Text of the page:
Presented by: Embassy of the People's Republic of China in the Republic of Indonesia Association of Indonesia-China Economic, Social and Cultural Cooperation
Founded in 1959, the National Ballet of China, as the only national ballet group and one of the top arts companies in China, serves as that country's envoy for promoting cultural exchange.
Combining western ballet with Chinese culture, the company has created many famous Chinese ballet classics over the years, winning a worldwide reputation and popularity.
In 2004, together with Merce Cunningham Dance Company and Bolshoi Ballet, the company won the nomination for Best Foreign Dance at the UK's National Dance Awards for its excellent performance of Raise the Red Lantern.
This world-famous ballet will come to Jakarta on Nov. 2 to 3 at 7 p.m. to coincide with the celebration of 67 years of diplomatic ties between Indonesia and China.
Sponsored by the Embassy of China and the Association of Indonesia-China Economic, Social and Cultural Cooperation, Raise the Red Lantern will be performed at the Ciputra Artpreneur Theater in South Jakarta. The play will involve 101 dancers, opera singers, musicians and stage crew.
Tickets are by invitation only. "We don’t sell tickets and instead will distribute invitations to selected institutions. We will also invite dance students as well as children with disabilities to watch the practice and rehearsal sessions during the two days,” organizing committee chairman Paiman Mak said, as quoted by The Jakarta Post.
Raise the Red Lantern
The ballet Raise the Red Lantern was created and premiered in 2001. Lead by the ballet company's former director, Zhao Ruheng, the company invited a diverse group of world-renowned artists to work on this ambitious stage performance, including Chinese film director Zhang Yimou, French composer Qigang Chene, German choreographer Xinpeng Wang and Wang Yuanyuan, stage designer Zeng Li and French costume designer Jérôme Kaplan.
This international creative team conceived and produced this modern ballet, which fuses cinema, shadow play, Peking opera and all sorts of Chinese cultural elements with the vocabulary of western ballet.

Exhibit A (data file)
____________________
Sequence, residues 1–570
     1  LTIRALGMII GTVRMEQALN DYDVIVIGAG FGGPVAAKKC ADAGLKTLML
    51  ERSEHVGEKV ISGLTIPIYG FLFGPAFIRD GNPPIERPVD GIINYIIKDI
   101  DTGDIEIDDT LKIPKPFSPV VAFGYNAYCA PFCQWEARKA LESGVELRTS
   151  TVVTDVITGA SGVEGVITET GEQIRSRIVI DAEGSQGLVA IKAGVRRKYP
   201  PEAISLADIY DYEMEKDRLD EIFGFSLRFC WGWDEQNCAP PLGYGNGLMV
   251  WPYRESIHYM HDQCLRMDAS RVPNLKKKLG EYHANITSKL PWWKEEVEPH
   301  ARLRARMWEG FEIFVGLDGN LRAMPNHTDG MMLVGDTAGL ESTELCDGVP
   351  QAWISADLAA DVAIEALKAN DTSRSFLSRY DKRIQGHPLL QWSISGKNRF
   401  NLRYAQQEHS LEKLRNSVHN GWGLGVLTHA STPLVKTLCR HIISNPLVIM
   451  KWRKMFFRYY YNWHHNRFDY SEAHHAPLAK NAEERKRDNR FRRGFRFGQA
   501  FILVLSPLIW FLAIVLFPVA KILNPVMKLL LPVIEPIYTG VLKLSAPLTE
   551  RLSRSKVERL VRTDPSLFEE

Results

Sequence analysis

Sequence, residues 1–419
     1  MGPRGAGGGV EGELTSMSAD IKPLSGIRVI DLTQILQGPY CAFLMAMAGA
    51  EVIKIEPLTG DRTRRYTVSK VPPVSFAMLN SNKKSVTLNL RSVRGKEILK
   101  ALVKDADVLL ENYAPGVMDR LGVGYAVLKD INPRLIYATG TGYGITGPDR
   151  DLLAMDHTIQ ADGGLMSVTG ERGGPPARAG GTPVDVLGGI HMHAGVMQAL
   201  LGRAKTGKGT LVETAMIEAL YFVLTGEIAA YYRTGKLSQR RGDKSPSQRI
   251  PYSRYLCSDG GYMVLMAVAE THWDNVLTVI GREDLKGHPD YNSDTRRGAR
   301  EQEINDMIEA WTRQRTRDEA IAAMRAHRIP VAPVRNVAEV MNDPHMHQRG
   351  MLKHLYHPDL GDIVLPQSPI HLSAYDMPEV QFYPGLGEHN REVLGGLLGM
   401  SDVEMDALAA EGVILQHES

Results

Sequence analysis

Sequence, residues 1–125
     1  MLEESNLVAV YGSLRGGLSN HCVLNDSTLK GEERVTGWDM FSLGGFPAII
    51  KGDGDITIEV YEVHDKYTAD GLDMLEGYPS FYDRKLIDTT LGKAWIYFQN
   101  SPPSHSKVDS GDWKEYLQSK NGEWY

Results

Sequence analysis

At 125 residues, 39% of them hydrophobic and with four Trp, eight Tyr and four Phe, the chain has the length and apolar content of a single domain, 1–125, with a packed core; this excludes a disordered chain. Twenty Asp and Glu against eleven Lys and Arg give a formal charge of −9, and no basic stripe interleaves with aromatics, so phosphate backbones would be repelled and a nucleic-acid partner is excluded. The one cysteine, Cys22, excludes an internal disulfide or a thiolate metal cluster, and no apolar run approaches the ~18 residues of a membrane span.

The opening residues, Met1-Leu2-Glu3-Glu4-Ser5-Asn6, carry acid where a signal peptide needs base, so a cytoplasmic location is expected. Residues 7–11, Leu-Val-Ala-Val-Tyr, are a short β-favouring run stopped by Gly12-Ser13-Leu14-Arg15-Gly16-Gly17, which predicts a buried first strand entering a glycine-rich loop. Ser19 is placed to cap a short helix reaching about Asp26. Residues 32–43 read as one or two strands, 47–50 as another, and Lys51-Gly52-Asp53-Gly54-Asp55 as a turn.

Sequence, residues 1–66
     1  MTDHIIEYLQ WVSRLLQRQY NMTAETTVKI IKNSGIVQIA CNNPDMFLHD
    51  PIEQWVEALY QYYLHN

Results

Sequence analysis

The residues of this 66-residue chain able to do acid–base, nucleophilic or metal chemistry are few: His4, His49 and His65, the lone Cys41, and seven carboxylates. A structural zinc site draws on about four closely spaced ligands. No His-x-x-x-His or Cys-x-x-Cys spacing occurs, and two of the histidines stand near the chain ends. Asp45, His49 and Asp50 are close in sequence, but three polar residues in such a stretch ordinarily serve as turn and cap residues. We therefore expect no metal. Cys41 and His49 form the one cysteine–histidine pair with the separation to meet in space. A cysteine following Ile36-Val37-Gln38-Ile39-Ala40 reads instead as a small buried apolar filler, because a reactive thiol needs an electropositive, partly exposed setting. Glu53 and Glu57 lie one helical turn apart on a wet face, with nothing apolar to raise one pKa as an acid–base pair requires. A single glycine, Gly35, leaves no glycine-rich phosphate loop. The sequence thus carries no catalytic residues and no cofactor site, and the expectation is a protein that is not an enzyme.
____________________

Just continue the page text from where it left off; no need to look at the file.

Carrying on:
Raise the Red Lantern puts itself apart from other ballets by being a diverse creation with dramatic force and a strong visual impact.
During the company's tour in Brazil, presenter Madam Myrian Dauelsberg said: “After 8 years, I finally bring the 'Red Lanterns' to Brazil. This is a remarkable piece worth promoting in the ballet world.”
Raise the Red Lantern represented a new type of experiment and a fresh model of collaboration in the company's 50-year history. It gave the company's members the precious experience necessary for further creative works. Since its premiere, the ballet has been presented all over the world in more than 400 performances. It was selected in China's “National Program for Excellent Stage Art” and has established itself as an internationally-acclaimed Chinese ballet.
The National Ballet of China will continue its efforts to produce Chinese classics that fuse east and west for the years to come.
A Ballet in Three Acts
Based on Su Tong’s novel Wives and Concubines and adapted from Zhang Yimou’s movie of the same name, Raise the Red Lantern is a ballet in three acts.
Zhang Yimou returns to the play as librettist, director and artistic director. Produced by Zhao Ruheng, it premiered at Tianqiao Theater on May 2, 2001, with guest performances by the China National Peking Opera Company.
Its prologue starts it off in 1920s China. In a quiet courtyard, a young girl is forced into a bridal palanquin. She is going to be the second concubine of the master of the house. Before getting into the palanquin, she remembers her childhood lover—a young actor from a Peking Opera group.
In the happy and joyful atmosphere of the wedding, the wife and the first concubine welcome the second concubine of the master of the house into the family, albeit with complex emotional undertones. During the wedding night, despite her desperate resistance, the bride is finally overcome by her tragic destiny.